Growth in Private Mortgage Insurers Not Enough
Adnan is a member of The Motley Fool Blog Network -- entries represent the personal opinion of the blogger and are not formally edited.
Following the recent run in stocks, I see mortgage insurers as being fairly valued. Capital positions have strengthened and industry fundamentals are improving. However, going forward there is not enough earnings power to provide additional upside. This report looks at the various macro level inputs and finds that the private mortgage insurance industry is poised to deliver NIW (new insurance written) growth over the coming years despite the declines in overall mortgage market volumes. A financial review of some of the main players is also part of the report.
Future Mortgage Volumes
Credit Suisse in a report to its investors said that it expects total mortgage market volumes to decline 20% to $1.4 trillion during the current year. It also expects a further decline of 24% in 2014 that will bring the total down to $1.1 trillion. The decline in refinance activity is expected to bring down these mortgage volumes. The refinancing activity is expected to be 72% lower in 2014 than 2012 levels. Compared to this, the purchase volumes are expected to increase 41% over the same time period. The mortgage market shift to purchases is a positive as market share on purchase volume is higher than for refinance. In 2012, around 62% of the purchase volume had mortgage insurance. Compared to this, the mortgage insurance market share on refinances is only 19%.
During the prior year, private mortgage insurers increased their market share by 10% to 32% largely during the first three quarters. Excluding the HARP volumes, the private mortgage insurance market share is 6% lower.
Taking into account all the inputs discussed above, Credit Suisse expects private mortgage insurance volumes to increase by 21% during the current year and 13% during the next year.
After the exit by PMI Group and Old Republic the competitive environment within the industry became favorable, particularly for the Radian Group (NYSE: RDN). Radian Group gained some ground and has a current market share of 29%, followed by American International Group (NYSE: AIG) at 28%, MGIC Investment Corporation (NYSE: MTG) at 17% and Genworth Financial (NYSE: GNW) at 12%. However, the trend will reverse during the current year given Arch Capital’s purchase of CMG and the recent approval of NMI Holdings to write business.
Genworth reported EPS of $0.34 for the fourth quarter, well above the consensus estimate of $0.27. The earnings were positively impacted by a 16 cent benefit from the new Government Guarantee framework. Another 2 cents were contributed by favorable taxes in US mortgage insurance and 1 cent each from three different one-time items. Excluding the one-time items, I arrive at the core earnings of 17 cents for the quarter. The weakness in the latest results was driven by a miss in the Long Term Care business segment, where the company took a small reserve charge amounting to $5 million. The segment also experienced unfavorable underwriting. The company also experienced misses in the US MI and Canada, partially offset by better than expected results in International Protection and Australia MI.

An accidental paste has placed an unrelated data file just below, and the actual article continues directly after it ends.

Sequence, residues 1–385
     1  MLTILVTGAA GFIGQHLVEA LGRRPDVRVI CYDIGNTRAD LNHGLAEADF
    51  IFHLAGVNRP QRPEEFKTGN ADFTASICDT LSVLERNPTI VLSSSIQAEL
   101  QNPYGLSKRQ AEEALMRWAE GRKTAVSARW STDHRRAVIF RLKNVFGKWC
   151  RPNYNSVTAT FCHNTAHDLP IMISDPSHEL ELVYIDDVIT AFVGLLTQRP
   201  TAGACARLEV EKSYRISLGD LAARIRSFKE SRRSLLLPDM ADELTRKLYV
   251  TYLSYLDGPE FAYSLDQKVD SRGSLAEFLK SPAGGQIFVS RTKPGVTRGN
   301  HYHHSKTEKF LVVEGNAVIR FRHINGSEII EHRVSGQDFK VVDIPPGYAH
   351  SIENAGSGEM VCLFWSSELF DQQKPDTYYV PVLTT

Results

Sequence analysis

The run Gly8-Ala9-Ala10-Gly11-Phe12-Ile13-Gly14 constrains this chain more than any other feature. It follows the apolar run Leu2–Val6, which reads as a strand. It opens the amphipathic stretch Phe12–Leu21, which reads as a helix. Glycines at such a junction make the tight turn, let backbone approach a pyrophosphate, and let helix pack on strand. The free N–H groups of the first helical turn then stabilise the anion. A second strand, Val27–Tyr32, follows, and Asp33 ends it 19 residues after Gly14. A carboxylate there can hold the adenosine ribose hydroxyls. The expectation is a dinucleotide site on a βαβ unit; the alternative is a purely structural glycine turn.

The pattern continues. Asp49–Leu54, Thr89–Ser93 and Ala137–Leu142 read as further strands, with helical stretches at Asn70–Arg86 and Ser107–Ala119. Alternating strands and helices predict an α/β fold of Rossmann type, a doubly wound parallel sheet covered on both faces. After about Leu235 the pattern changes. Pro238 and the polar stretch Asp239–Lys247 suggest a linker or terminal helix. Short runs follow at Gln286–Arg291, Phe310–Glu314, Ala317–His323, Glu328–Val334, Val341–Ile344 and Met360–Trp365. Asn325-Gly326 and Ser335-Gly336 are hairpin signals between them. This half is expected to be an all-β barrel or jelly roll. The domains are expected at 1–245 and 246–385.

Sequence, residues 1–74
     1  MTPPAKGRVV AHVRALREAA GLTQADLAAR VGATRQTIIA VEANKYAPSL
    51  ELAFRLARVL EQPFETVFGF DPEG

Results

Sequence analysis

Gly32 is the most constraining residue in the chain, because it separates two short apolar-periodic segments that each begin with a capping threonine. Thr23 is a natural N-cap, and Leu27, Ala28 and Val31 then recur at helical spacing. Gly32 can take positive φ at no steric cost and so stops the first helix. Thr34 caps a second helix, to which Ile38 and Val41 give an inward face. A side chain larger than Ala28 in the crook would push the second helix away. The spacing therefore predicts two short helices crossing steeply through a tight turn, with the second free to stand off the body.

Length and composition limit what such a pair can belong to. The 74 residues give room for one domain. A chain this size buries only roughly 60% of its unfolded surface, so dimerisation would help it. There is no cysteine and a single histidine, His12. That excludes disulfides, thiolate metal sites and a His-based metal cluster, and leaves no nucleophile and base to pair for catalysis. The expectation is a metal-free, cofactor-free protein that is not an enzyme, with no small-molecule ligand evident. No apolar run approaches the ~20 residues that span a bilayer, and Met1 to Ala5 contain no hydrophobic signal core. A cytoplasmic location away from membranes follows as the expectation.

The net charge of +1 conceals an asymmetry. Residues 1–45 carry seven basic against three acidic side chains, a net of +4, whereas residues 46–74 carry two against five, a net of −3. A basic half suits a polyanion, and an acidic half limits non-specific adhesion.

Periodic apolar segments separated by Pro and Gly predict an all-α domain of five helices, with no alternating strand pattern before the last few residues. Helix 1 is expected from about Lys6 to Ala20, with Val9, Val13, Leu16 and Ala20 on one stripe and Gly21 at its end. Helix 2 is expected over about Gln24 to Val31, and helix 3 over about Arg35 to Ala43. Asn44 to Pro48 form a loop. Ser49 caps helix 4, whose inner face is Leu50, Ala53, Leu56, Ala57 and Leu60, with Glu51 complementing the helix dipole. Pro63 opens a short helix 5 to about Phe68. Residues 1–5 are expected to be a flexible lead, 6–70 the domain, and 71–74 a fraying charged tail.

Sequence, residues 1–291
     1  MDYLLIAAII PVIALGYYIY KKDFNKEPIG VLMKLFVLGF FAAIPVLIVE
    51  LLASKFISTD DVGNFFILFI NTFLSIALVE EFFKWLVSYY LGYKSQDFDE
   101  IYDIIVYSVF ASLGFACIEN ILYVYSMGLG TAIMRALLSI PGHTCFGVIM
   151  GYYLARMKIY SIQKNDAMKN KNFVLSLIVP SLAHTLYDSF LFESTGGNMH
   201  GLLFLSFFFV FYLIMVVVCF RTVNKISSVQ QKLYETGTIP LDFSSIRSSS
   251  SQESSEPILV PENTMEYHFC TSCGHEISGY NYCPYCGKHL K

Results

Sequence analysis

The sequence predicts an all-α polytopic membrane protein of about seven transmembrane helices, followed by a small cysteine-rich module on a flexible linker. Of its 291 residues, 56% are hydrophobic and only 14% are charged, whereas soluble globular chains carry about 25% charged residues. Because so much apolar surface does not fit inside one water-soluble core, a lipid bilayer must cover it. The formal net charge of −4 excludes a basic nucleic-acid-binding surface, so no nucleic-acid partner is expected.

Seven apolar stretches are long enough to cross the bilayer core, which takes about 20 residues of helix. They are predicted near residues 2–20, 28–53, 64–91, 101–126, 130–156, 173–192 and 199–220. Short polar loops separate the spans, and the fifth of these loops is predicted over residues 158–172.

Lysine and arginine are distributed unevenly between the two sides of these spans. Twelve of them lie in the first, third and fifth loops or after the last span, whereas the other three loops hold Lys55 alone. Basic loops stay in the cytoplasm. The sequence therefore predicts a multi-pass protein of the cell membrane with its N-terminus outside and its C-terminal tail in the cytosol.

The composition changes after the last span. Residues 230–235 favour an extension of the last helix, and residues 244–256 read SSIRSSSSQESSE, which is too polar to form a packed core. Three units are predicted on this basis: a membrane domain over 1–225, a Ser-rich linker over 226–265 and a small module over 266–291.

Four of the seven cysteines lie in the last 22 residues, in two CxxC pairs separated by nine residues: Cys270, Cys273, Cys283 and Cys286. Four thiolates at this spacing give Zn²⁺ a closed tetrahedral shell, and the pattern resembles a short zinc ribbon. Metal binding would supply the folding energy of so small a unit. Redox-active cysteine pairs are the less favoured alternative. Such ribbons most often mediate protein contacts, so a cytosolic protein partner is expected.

MGIC Investment Corporation
For the latest quarter of 2012 MGIC Investment posted operating EPS of $2.34 vs. the reported EPS of $1.91. During the quarter, the risk-to-capital levels declined further to 44.7x. Operating revenues totaled $286 million, 5% below the linked quarter’s revenues. Net premiums earned during the quarter also came down 2% from a quarter ago. Net premiums as a percentage of average insurance in force remained flat at 64 bps quarter over quarter.
American International Group
American International reported a net loss of $4 billion or $2.68 per share for the fourth quarter of 2012. The reported operating earnings came in at $290 million or $0.2 per share. The results included $2 billion of pretax losses from Sandy. The bottom line included a $4.4 billion net loss on the same from discontinued operations. The underlying business trends at American International remained strong. Strong operating earnings in the Life Insurance business, better than expected underwriting margins in the Property & Casualty business and higher investment income supported the operating results.
Higher than expected US MI segment losses drove an earnings miss at Radian Group. The group reported a fourth quarter loss per share of $1.24. The risk-to-capital ratio for the group decreased 0.4 times during the quarter to 20.8x. At the quarter's end, Radian held $336 million in cash. The company generated operating revenues of $194 million, while the net premiums earned remained flat compared to the previous quarter.
Based on the above analysis, I believe you can expect the private mortgage industry to deliver NIW growth despite the decline in the overall mortgage market volumes.
Adnan Khan has no position in any stocks mentioned. The Motley Fool recommends American International Group. The Motley Fool owns shares of American International Group and has the following options: Long Jan 2014 $25 Calls on American International Group. Try any of our Foolish newsletter services free for 30 days. We Fools may not all hold the same opinions, but we all believe that considering a diverse range of insights makes us better investors. The Motley Fool has a disclosure policy. Is this post wrong? Click here. Think you can do better? Join us and write your own!